The event has been organised by the National Union of Teachers and the Association of Teachers and Lecturers.
Public opposition has been mounting since the announcement was made in George Osborne’s budget last week and the publication of the education White Paper detailing the plans.
As of this morning, two petitions on the Government’s e-petitions website calling for the policy to be scrapped have achieved a total of more than 250,000 signatures in less than a week.
One of the peititions calling for a public inquiry and a referendum against the proposals has so far been signed by more than 131,000 people.
It says that the move was not in the Conservative manifesto and is ‘completely undemocratic’.
It adds, ‘There is growing evidence that academies underperform & serious questions about their financial oversight. Buildings & land are being handed over to unaccountable orgs. Once they are transferred there is no legal mechanism to get them back. Before all schools become academies we demand the government holds a full public inquiry - that takes into account educational research and the views of teachers, parents and students - followed by a referendum in order to show that they have a mandate.’
Another petition calling on the Government to scrap the plans to force state schools to become academies has been signed by more than 121,000 people so far.
Once signatures pass the 100,000 mark on the Parliament petitions website they will be considered for a parliamentary debate.
Kevin Courtney, deputy general Secretary of the NUT, said, ‘The Government should be addressing the real issues facing schools: the teacher shortage, the lack of pupil places, the chaos in the curriculum. The White Paper is a distraction from those central concerns.
‘Incredibly, this is all being done despite the fact that there is no evidence that academies improve the educational results of children. We must all speak out to keep education in the hands of our communities and stop this reckless and destructive policy.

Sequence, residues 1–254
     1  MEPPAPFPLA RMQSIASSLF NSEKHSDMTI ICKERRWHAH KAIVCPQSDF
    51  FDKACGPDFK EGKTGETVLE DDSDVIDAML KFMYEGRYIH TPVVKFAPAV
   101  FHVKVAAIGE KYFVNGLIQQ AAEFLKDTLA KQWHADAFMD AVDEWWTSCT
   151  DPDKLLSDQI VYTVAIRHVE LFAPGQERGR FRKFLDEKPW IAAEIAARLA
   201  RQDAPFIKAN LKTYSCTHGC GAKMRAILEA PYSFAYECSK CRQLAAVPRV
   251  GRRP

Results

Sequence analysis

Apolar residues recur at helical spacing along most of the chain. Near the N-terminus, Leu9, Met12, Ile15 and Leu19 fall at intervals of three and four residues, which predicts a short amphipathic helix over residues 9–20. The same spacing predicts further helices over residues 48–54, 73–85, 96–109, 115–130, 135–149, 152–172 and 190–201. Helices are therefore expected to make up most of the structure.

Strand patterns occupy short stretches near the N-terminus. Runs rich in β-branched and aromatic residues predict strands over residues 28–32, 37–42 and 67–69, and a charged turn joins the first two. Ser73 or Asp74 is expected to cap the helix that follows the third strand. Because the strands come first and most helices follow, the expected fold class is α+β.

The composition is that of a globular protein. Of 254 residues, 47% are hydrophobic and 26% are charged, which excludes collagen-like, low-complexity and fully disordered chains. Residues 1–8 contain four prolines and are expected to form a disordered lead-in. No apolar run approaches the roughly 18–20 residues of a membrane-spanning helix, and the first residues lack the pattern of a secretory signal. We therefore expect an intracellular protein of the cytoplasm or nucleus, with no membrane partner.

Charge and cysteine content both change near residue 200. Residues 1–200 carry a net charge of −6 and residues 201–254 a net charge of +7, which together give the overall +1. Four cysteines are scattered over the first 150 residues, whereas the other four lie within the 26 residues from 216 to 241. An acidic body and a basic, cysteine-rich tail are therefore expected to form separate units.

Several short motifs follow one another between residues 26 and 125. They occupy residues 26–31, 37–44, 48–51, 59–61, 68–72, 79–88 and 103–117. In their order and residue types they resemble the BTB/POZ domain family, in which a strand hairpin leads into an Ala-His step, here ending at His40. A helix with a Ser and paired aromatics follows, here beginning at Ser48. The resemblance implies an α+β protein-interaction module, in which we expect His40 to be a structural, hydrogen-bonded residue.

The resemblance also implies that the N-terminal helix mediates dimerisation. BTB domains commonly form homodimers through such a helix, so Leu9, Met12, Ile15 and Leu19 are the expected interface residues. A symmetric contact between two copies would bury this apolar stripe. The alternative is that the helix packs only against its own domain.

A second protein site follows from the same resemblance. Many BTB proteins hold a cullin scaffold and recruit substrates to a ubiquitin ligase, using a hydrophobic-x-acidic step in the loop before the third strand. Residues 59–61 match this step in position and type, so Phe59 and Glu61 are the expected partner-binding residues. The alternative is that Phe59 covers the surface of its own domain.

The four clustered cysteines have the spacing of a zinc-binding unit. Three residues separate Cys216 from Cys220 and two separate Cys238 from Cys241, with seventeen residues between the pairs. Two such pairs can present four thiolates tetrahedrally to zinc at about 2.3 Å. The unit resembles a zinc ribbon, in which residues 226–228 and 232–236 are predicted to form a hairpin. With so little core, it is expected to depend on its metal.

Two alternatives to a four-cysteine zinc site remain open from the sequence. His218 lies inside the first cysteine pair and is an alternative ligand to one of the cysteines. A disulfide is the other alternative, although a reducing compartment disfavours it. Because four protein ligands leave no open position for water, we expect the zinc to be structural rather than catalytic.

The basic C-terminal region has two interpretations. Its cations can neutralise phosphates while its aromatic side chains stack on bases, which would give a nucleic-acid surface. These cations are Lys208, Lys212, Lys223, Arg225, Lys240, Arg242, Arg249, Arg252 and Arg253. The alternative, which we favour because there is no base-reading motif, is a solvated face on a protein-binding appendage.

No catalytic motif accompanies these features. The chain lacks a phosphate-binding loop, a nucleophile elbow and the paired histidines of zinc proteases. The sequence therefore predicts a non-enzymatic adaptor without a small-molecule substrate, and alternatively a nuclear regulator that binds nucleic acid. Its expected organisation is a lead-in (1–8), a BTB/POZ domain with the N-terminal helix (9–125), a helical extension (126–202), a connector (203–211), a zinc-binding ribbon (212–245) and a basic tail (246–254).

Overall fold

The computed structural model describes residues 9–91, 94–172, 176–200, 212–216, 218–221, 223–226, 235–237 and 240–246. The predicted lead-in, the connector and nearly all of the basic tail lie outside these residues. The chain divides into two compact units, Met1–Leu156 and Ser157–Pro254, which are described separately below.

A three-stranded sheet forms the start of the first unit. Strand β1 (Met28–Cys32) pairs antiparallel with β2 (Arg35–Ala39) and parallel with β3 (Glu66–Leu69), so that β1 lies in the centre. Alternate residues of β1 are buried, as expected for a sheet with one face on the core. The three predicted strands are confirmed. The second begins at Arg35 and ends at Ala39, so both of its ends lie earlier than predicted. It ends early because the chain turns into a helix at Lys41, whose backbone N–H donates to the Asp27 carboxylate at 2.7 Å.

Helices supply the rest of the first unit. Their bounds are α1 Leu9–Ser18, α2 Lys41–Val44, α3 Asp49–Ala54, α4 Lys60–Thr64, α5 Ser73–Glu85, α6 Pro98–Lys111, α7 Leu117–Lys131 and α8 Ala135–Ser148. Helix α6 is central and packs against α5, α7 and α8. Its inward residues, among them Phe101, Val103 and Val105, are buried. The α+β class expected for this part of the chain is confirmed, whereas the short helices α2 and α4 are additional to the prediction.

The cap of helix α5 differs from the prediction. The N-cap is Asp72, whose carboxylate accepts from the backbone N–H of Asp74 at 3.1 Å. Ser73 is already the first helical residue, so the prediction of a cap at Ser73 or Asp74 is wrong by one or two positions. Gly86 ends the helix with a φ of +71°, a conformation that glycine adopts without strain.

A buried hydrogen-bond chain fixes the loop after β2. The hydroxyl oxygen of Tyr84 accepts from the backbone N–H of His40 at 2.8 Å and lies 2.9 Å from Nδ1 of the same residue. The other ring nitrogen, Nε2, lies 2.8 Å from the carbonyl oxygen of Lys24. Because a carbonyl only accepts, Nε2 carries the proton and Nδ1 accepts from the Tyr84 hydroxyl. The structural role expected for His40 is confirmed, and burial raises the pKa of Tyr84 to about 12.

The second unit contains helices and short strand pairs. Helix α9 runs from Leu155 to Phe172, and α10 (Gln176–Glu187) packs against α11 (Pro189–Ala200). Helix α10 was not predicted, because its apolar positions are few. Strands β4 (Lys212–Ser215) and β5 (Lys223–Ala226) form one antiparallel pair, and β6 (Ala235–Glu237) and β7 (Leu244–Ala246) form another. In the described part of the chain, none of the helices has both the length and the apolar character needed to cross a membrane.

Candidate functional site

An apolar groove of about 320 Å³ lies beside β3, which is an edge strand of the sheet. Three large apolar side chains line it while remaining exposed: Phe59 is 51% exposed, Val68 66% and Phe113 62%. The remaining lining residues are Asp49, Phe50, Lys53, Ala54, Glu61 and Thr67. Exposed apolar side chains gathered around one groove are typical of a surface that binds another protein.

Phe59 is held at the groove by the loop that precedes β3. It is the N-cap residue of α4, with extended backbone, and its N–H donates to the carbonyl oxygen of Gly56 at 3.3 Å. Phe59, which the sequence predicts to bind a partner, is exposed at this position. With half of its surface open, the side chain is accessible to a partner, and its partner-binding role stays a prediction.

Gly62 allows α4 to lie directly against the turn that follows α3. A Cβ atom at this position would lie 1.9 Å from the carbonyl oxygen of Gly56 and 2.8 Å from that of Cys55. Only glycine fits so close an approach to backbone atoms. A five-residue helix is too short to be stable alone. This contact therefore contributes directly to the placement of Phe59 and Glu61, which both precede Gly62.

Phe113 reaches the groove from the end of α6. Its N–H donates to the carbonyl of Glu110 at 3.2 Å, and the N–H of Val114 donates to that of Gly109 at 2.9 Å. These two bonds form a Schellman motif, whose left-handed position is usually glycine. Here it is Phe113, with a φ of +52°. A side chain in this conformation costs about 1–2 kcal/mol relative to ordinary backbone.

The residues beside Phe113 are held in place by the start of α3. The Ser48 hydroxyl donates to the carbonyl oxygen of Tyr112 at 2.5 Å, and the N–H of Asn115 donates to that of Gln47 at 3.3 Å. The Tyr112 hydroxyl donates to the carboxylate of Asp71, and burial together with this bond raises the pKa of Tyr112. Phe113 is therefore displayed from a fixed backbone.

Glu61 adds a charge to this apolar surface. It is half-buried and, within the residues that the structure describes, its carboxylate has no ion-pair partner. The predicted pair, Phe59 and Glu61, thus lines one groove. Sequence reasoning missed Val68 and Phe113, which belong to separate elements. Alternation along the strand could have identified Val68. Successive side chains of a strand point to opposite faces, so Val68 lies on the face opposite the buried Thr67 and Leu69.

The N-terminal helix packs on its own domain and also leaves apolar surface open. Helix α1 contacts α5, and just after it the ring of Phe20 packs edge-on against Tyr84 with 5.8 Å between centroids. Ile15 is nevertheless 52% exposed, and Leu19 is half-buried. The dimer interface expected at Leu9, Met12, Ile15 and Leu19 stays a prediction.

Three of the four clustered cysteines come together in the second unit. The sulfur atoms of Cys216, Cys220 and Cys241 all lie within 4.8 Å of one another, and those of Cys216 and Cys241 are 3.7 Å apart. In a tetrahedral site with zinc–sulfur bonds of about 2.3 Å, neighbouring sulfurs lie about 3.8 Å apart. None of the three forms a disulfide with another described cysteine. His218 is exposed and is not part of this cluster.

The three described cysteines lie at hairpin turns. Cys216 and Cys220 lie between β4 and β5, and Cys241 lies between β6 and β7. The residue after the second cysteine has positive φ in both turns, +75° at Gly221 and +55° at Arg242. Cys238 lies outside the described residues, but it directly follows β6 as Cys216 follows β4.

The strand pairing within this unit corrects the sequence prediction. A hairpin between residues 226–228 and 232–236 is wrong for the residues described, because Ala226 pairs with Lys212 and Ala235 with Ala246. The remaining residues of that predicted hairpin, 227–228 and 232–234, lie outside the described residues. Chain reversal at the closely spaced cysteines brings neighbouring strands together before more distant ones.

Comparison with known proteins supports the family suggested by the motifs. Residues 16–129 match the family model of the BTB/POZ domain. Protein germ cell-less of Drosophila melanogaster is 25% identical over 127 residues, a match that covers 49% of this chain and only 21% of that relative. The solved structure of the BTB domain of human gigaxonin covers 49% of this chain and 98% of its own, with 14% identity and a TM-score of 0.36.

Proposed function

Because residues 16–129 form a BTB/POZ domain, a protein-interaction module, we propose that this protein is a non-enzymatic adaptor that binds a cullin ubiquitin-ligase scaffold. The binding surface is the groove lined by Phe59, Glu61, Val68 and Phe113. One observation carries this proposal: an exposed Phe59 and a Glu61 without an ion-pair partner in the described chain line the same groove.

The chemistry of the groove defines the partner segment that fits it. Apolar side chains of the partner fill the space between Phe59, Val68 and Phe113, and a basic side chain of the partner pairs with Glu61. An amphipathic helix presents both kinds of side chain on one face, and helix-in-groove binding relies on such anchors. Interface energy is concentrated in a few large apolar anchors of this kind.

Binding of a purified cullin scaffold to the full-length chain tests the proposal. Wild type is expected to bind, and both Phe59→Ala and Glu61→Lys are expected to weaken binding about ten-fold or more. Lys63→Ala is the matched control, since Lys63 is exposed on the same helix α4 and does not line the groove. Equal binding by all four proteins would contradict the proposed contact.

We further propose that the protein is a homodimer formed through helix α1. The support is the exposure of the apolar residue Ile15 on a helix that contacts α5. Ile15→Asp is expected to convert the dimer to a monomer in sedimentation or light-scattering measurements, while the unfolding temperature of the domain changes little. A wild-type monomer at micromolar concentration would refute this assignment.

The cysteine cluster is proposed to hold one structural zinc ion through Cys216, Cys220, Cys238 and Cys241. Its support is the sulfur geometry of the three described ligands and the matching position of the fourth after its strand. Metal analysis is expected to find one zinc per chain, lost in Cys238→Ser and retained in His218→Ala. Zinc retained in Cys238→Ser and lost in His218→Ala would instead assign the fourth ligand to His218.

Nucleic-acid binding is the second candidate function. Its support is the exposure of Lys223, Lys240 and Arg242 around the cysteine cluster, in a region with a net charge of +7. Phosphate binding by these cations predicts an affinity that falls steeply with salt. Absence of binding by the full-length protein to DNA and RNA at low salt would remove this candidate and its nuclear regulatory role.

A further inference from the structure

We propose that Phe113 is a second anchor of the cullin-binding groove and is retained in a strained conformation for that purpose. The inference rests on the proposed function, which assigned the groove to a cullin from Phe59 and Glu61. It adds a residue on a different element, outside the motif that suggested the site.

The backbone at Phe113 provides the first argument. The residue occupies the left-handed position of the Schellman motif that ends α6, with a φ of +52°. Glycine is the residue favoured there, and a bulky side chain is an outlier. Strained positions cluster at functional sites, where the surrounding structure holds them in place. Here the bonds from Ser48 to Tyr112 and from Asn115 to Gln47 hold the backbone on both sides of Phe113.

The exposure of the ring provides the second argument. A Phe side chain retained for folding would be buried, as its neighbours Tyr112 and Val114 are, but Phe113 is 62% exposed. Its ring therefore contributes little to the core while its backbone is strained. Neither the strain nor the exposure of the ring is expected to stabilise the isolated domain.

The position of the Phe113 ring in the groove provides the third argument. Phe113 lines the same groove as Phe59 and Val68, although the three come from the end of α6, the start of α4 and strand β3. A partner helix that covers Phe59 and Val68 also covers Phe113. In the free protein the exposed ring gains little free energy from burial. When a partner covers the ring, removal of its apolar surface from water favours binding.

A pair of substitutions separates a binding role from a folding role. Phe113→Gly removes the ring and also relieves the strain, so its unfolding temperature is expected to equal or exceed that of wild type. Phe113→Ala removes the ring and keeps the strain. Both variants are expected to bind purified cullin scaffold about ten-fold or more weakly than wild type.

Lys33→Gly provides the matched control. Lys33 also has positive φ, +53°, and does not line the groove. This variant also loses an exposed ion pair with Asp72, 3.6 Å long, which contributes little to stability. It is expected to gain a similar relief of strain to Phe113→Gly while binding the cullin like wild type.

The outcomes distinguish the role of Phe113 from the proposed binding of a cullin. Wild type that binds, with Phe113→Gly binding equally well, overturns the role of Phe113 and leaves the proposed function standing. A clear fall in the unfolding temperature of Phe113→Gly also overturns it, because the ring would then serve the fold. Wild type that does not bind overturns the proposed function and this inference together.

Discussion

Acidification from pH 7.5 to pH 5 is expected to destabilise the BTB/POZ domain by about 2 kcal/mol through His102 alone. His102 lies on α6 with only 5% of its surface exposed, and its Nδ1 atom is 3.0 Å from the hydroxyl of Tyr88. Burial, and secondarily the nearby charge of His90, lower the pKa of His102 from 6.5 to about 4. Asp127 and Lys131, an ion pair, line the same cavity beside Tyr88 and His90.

‘There are serious democratic concerns surrounding the White Paper. Its proposal to convert all schools to academies wasn’t in the Conservative manifesto, and it deliberately cuts parents out of decision-making about their schools.’
Mary Bousted, general secretary of ATL, said, ‘Against all logic, and evidence, the Government is promoting its ideology to fragment the education system. There is no evidence academies improve children’s education. All the evidence shows the quality of multi-academy trusts (MATs) is highly variable.'
Ofsted's chief inspector Sir Michael Wilshaw has said that the worst MATs are performing as badly as the worst local authorities, she added.
'And a Government that keeps on saying how much it believes in parental choice is about to remove all choice from parents about the schools available for their children and who runs them,’ she said.
Demonstrations are also taking place in Birmingham and Coventry, backed by the GMB, which represents school support staff.
David Warwick, GMB regional organiser, said, 'Forcing academy status and dismantling the local education authorities means removing any public scrutiny and democratic accountability to local educational provision.
'We can see in Coventry, with the closure of Woodlands Academy, the results of this Government’s education policy.
'This action is part of a barrage of chaotic decision making without planning or strategic thinking. Schools are becoming competing ' business units,' fighting like rats in a sack for an ever reducing pot of money.
'It is the staff, the pupils and ultimately society as a whole who will suffer the most.'
Education secretary Nicky Morgan has also faced widespread hositility on Mumsnet after she defended the academisation plans in a guest post on the parenting website on Friday, the day the education White Paper was published.